treat http://creativecommons.org/wordpress/wp-includes/class-wp-simplepie-sanitize-kses.php geneva; font-size: small; line-height: 200%;”>My name is Molly Lynn Kashesya. I am a primary school teacher. I qualified in 1979 as grade III and in 2000 as grade V.
I worked as a primary school teacher from 1979 to 1983, as an acting head teacher from 1984 to 1990 and as head teacher since 1990. I have served in rural schools ever since and therefore; I’m speaking from many years of experience.
During the early part of my profession, teachers were respected for training and nurturing the young generations as future leaders of Uganda.
Teachers had good houses, wore decent clothes, many owned good vehicles, educated their children well, had access to health facilities and ate well. They served as role models in their communities.
At present, teachers are disrespected, among the least paid and most vulnerable. Promises to teachers are not honoured. For example, salary increments are not implemented, leading to the recent strike.
Teachers requested a 100% salary increase. The government agreed to a 50% increase to be paid in three consecutive financial years: 15% in 2012/2013; 20% in 2013/2014 and 15% in 2014/2015.
The government only paid the first 15% portion, hence the strike referred to above. The government has argued that teachers’ salary increment is not a national priority.
The priority is road construction and rural electrification. The teachers were forced to go back to work or lose their jobs.
Teachers (primary school) are vulnerable because they are paid a low salary of approximately Uganda Shs 270,000 (or 79.41 Euros) per month far below the amount necessary to cover basic needs of education, healthcare, housing, food and clothing for their families.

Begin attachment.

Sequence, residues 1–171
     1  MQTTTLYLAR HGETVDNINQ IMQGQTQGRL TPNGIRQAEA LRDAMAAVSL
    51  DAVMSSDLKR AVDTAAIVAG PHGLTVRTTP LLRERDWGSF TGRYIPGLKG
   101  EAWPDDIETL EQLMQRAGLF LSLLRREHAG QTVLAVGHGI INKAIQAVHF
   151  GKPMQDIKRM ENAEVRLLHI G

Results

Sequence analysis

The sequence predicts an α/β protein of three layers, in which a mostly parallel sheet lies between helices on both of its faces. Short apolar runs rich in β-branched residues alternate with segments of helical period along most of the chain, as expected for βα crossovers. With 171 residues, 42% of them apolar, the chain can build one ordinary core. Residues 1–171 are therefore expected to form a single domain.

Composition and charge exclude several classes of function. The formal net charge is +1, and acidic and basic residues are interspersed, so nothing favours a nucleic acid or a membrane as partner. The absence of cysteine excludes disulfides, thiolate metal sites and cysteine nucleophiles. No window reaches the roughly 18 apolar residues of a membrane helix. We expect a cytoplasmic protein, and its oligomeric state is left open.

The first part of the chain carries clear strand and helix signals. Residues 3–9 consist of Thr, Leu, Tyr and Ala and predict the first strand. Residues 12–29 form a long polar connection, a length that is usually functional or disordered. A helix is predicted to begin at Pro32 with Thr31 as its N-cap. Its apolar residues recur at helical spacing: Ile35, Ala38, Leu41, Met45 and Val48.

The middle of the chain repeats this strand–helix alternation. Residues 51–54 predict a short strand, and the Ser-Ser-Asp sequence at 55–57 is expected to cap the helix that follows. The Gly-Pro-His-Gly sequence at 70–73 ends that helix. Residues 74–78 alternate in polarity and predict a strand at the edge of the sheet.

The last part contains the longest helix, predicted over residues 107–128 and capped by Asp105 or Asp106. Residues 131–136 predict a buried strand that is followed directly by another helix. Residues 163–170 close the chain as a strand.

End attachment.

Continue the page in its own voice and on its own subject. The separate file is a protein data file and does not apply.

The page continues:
Teachers have no side income to supplement their meagre salaries, have no allowances, and have no time to set up income generating projects because they teach full time.
The introduction of Universal Primary Education (UPE) in 1997 made things worse as far as quality education is concerned.
For example, the policy of automatic promotion from grade one makes some pupils go to the next grade half-baked.
Other challenges include UPE not being sufficiently funded, leading to shortages of scholastic/ instructional materials, text and reference books, recreational facilities and overall infrastructure for students and teachers.
There is no facilitation to inspectors of schools to go to schools for support and mentoring visits.
It has been noted with concern that the main objectives of UPE namely reading, counting and writing have not been met.
This is really sad because the majority of the young Ugandans in UPE schools have limited opportunities to quality for higher education or find a job.
Students of wealthy families who go to private schools are the ones that do well, go to higher education and find jobs easily upon graduation.
To sum up the most challenges facing teachers are:
• They can’t afford fees to send their children to school, institutions and universities for quality education.
• They can’t access salary loans to develop themselves because of low pay or failure to pay back because of terms and conditions subjected to them;
• Teachers are deserting the profession leaving the children at risk of not continuing their studies;
• They can’t afford good housing, good clothing and health care;
• Teachers are in a fix because they have no time to take part time activities to generate extra income;
• They can’t attend official meetings, conferences and seminars where they could get information on what could be done to pull them out of low salary trap;
• They have no spokesperson in part because they are not represented in parliament.
I appeal to fellow teachers and other Ugandans to unite and reject dictatorship and restore freedom.
United We Stand, Determined We Succeed Teachers!!
“Because We Are, The Nation Is”.
Molly Lynn Kashesya
The Hague, The Netherlands